The need is established: the Calgary Flames are lacking on the right hand side, and Phil Kessel is an elite right winger. The connection is readily apparent: Brian Burke originally got Kessel to Toronto, and he's now in Calgary.
That leaves just two questions:
- Would Kessel come to Calgary?
- What would it take to get him?
Selling Calgary to Phil
Kessel will be entering the second year of an eight-year contract that carries a cap hit of $8 million. He'll be 34 years old when that deal expires, so if you're getting him, you're getting him for a long time.
There's another part to that contract, though. With it, Kessel can decide just where he goes. He has a no movement clause, as well as a no trade clause on which there's a list of eight teams he'll accept a trade to. (The number eight is very important to his contract, apparently.) Those teams are the:
- Boston Bruins
- Chicago Blackhawks
- Los Angeles Kings
- Minnesota Wild
- Montreal Canadiens
- New York Rangers
- Philadelphia Flyers
- Pittsburgh Penguins
No Calgary there, but it's not as though the Flames can't try to change his mind. After all, that's exactly what happened with Curtis Glencross. The former Flame had control over where he was traded, and the Washington Capitals weren't initially on his list. The Caps wanted him, though, and while that ended up not working out, they sold him on DC and convinced him to allow a trade there.
Could the same thing happen with Kessel? Sure. While all of the teams he'd prefer to go to are either eastern-based or perennial contenders (the Kings missing the playoffs this year aside), they're also all mostly hockey hotbeds. He isn't even opposed to Canada, as evidenced by his willingness to go to the Canadiens.
We know Burke likes Kessel - he'd trade the two first round picks, which turned into Tyler Seguin and Dougie Hamilton, for him again - and it's always nice to feel wanted. Furthermore, while the Flames aren't exactly a contender, they're a team on the rise. With superstars already in the making, not all of the pressure to perform would be on Kessel.
As our friends at PPP remind us, only five players have put up more points than Kessel over the past four seasons. So take a moment to immerse yourself in fantasy, and imagine just how good a Johnny Gaudreau - Sean Monahan - Phil Kessel line could be.
How much would it cost?
Back to reality, because Kessel isn't going to come cheap.
This isn't a Jarome Iginla situation where the Leafs absolutely have to trade him, and he only really wants to go to one team, and all that team has to give up are two mediocre prospects and a late first round pick. The Leafs don't have to trade Kessel. They have him locked up long term, and he's a major points producer.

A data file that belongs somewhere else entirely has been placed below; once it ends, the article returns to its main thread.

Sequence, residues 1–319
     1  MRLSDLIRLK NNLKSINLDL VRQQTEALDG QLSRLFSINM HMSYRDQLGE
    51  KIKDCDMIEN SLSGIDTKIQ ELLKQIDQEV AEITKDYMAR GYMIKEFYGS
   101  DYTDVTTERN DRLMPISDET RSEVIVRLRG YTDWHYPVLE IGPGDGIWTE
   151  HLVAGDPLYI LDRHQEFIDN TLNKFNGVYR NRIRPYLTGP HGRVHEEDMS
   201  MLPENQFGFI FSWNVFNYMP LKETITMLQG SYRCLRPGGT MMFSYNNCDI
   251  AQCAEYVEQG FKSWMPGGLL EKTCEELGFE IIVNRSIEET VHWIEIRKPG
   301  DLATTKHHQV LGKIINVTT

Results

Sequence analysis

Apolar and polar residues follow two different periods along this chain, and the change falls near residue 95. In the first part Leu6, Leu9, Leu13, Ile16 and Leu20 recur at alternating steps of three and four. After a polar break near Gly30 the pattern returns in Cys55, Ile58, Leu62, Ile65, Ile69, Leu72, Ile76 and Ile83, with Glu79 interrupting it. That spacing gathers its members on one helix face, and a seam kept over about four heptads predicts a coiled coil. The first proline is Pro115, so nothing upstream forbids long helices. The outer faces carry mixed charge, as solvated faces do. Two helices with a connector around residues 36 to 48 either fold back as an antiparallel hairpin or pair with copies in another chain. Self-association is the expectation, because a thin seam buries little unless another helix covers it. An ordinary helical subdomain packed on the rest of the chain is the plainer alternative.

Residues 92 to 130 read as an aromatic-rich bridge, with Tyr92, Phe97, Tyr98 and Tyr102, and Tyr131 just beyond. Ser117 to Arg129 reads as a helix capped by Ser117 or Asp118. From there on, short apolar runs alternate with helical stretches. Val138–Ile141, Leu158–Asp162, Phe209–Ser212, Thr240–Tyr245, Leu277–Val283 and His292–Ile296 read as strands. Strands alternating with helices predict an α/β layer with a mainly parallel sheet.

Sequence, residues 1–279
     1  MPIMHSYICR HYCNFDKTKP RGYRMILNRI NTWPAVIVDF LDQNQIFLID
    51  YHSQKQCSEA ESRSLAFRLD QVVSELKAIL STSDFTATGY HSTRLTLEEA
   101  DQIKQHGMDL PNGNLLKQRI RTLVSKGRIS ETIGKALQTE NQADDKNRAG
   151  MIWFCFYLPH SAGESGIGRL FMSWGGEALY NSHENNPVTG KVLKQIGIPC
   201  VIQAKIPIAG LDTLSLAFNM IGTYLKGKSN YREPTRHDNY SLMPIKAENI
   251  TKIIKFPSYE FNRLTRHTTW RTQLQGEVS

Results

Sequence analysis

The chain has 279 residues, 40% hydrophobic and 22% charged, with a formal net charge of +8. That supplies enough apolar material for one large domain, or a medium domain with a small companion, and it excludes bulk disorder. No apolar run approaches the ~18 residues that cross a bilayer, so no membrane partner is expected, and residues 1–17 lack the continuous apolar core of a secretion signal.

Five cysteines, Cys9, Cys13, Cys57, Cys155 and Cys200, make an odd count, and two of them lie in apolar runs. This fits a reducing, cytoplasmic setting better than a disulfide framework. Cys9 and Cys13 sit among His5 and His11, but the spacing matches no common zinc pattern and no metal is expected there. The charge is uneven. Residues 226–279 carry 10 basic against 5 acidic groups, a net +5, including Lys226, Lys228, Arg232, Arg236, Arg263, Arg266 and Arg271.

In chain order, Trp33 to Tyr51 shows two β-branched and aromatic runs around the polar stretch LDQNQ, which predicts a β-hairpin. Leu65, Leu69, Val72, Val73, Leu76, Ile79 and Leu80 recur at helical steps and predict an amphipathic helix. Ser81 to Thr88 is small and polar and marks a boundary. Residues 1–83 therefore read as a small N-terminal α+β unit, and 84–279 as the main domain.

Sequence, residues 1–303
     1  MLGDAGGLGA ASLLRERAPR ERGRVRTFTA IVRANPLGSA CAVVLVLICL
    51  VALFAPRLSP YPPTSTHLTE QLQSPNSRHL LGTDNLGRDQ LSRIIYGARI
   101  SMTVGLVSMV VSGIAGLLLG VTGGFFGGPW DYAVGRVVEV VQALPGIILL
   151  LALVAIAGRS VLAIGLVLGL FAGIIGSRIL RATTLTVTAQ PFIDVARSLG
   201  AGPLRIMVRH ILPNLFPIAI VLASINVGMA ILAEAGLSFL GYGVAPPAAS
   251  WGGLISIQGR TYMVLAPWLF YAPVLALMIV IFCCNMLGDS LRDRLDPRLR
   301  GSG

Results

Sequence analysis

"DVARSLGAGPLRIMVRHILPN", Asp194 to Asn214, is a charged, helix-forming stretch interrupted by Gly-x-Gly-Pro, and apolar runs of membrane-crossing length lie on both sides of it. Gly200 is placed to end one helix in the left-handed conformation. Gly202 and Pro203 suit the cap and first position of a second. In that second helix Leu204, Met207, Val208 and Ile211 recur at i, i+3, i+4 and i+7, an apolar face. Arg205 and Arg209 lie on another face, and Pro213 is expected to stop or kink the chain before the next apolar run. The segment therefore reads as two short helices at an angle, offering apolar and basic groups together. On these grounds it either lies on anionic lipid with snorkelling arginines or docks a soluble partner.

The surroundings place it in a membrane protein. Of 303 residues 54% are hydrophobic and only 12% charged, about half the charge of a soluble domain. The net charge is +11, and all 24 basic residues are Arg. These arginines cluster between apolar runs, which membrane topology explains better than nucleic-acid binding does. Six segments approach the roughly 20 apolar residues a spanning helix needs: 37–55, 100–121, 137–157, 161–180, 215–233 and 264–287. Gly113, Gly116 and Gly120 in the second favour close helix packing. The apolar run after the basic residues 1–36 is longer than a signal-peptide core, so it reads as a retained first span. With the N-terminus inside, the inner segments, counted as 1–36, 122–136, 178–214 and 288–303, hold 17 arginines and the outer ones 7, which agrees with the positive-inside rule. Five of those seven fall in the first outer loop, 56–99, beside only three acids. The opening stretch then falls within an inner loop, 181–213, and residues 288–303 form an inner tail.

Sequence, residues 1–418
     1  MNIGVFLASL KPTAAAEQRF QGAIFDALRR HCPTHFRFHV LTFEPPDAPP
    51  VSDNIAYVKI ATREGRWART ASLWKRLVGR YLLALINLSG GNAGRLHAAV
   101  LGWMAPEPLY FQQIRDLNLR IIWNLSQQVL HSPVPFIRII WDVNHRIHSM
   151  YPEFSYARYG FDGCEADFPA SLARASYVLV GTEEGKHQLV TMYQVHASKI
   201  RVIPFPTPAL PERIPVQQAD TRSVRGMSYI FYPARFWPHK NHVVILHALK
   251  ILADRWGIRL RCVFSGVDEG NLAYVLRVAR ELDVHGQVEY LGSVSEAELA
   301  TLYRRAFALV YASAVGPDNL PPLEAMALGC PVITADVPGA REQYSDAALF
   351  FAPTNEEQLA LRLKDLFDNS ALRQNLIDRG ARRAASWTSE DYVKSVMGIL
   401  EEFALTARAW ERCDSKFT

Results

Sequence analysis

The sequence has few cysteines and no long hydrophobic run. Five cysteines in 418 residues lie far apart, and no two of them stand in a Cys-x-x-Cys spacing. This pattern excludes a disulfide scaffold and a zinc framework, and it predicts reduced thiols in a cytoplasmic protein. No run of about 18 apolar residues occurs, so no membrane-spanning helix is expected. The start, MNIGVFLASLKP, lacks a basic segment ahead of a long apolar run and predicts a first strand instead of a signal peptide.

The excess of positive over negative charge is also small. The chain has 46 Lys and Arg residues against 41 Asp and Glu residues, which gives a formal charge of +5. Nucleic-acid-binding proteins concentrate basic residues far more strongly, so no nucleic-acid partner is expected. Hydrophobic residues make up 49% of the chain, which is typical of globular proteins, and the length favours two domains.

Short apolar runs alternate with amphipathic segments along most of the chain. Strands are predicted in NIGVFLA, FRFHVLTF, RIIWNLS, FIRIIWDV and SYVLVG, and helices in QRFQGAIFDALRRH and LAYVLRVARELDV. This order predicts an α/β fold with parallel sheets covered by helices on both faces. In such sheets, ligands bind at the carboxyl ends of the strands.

Include the Flames' first round pick by default. No, they aren't getting one back. If it's before this draft, then the 15th overall pick is going to Toronto. If it's over the off-season, then the 2016 first round pick is gone, and that pick could be anywhere. The Flames could regress hard and end up with a top pick in 2016, they could stay about the same, or get better, as is their aim.
On top of that, it's going to take some of the Flames' better young players. Bennett, Gaudreau, and Monahan should be considered unavailable by default, and probably TJ Brodie as well.
So think Emile Poirier, the Flames' best prospect yet to make the NHL, going the other way, and likely an extra pick as well. Another young player like Markus Granlund or Josh Jooris may have to go as well. If the Leafs are playing especially hardball, it may be Mikael Backlund instead... or even Jiri Hudler, who has one year left on his contract, and who the Flames may very well move for an extremely good offer.
Would it be a good move?
That's a lot to give up for one player, but this is an elite scoring winger in a position the Flames are weak in. If they really are an aggressive team this offseason, this may be a deal they're considering. Kessel would immediately improve their offence, immediately improve their right side, and immediately improve what was already a very, very good line.
It would also cost a lot of young assets for the Flames, and while they want to establish themselves as contenders sooner rather than later, they're still a rebuilding team, and young assets are important.
Should they do it? It really all depends on just how much the Leafs want. If Backlund is involved, the Flames should consider stepping away, because their centre depth pretty much dies without him. Hudler is a different story, because Kessel would essentially be taking his spot in the lineup. The prospects are a bit more of a wash, because ultimately, you'd be hoping any of them turn out as well as Kessel already has.
Losing a first alongside Poirier would definitely hurt, though, and remember: that still may not be enough for the Leafs. It may be better for the Flames to err on the side of caution and work with what they already have, rather than jump on the big fish of the moment, even though that fish is really, really good at hockey.